I suppose it's easier to believe something than it is to understand it.
                          Cmdr. Chris Hadfield on rise of poor / pseudo science

                          Pain is a conscious correlate of the implicit perception of threat to body tissue - Lorimer Moseley

                          We don't need a body to feel a body. Ronald Melzack

                          Comment


                          • #14
                            Like Eric, I need to give credit where it is due, and Shirley Sahrmann does deserve some credit for opening me up to a more hands-off less ostensibly operator-dominated mode of treatment.

                            It's one thing to think you can alter someone's mesoderm by having them do some precise and finely tuned movement, it's a whole other category to the nth degree of operator mentality to think that you can alter someone's mesoderm with your hands.

                            *********************************************************************

                            My son hit a bloop single into shallow right field this evening scoring the tying run. This came after I resigned as statistician because the head coach decided to bury him in the bottom of the line-up despite the fact that he's got the 2nd highest on-base percentage on the team at just under .500, which means that each time he comes up to bat, there's a 50% chance that he's going to get at least to 1st base, whether by getting a hit, a base on balls or getting hit by a pitch (he's 2nd on the team in that category as well, unfortunately.)

                            But he's not a big, strong kid and he doesn't hit with a lot of power like some of the other kids. He's a solid athlete but not flashy and doesn't like to draw attention to himself (don't know where he got that :angel. He kind of just blends in, does his job, hustles, gets too mad at himself when he makes a mistake (definitely know where he got that) and consistently contributes positively to the team. And for that he bats in the 9-hole (that's the very bottom of the batting order for you non-North Americans). This not only injures my son's confidence, but it also hurts the team. You want your players who get on base to get the most chances at the plate. Common sense, right?

                            Barrett Dorko consistently makes "base hits" (and not a rare "home run") with his writing at this site; yet, not nearly enough PTs take the opportunity to avail themselves of this tremendous resource. This rare talent is far too under-appreciated for its po"wer to change the game".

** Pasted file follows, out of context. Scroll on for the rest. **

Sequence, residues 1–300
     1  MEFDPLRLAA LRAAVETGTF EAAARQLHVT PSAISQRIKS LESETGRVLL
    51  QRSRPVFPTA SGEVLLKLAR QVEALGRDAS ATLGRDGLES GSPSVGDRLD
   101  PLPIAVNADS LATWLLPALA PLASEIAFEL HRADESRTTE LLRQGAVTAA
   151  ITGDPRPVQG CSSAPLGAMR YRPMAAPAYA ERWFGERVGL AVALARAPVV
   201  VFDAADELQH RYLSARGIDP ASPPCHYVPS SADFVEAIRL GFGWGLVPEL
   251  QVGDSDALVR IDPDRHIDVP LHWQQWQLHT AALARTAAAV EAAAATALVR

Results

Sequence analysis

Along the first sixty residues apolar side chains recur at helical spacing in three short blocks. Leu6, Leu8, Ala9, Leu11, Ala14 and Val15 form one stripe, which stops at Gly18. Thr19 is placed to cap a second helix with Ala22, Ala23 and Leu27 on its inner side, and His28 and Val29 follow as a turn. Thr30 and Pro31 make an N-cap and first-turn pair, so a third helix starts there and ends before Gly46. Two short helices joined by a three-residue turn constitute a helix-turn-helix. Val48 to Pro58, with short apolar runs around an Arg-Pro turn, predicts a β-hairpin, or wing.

Scotty, a specimen of an athlete at 5'10" tall and 150lbs of pure muscle and also our ace pitcher, hit a batter who stole 2nd base and then gave up a 2-strike hit allowing the run to score from 2nd. Game over, we lose. Conner had a total of 3 at-bats in 2 games. He went 1 for 2 with a base on balls. He nearly legged out an infield hit to go 2 for 2 (his dad thinks he was safe, of course.

                            It's not always the stars who make the difference. It's not always the "stars" who are the stars.
                            John Ware, PT
                            Fellow of the American Academy of Orthopedic Manual Physical Therapists
                            "Nothing can bring a man peace but the triumph of principles." -R.W. Emerson
                            “If names be not correct, language is not in accordance with the truth of things. If language be not in accordance with the truth of things, affairs cannot
                            be carried on to success.” -The Analects of Confucius, Book 13, Verse 3

                            Comment


                            • #15
                              My game changer moment was really a series of moments that began with my leaving the 'nursery' that was my first place of employment following graduation. The clinic was/is very much aligned with diane lee's integrated model of joint function (form closure, force closure, motor control, psychology/emotions), although to their credit they did add a 5th component to the model- that being the client-therapist relationship. My boss used to say "If you cant connect with the patient you are screwed".

                              In that setting we all worked to a system of assessing form closure and force closure, using palpatory skills to determine if restrictions were local or global, or if there existed any segmental hypermobility and then treating with specific mobilization or stabilization interventions. I was immersed in it and althought I knew I couldnt feel specific hypermobility/hypomobility, i was certain that it was my skills that needed developing rather than the treatment model.

                              When I left this clinic and started in nyc, i was initially (quietly) skeptical, even cynical of my new workplace as the PTs there, who for the most part used trigger point therapy. That was/is the model that the owners filter down to new grads and other employees alike. I would think to myself "How the hell are you going to get anyone better if you dont get in their with your hands and determine what's moving and what's not moving? Squashing trigger points won't do anything to free up a locked facet joint!"

                              But to my surprise, I saw all these patients responding beautifully to trigger point therapy. That made it painfully obvious that there was something missing in both my former and current workplaces. The good results for each clinic create confirmation bias for those sheltered within it... but I couldnt help thinking that the good results in each clinic proved that the other clinic's model could not be right. Neither clinic's model could explain the good results in the other clinic. So I started hunting for better explanation and thankfully discovered SS, and the concept of defense vs defect.

                              Comment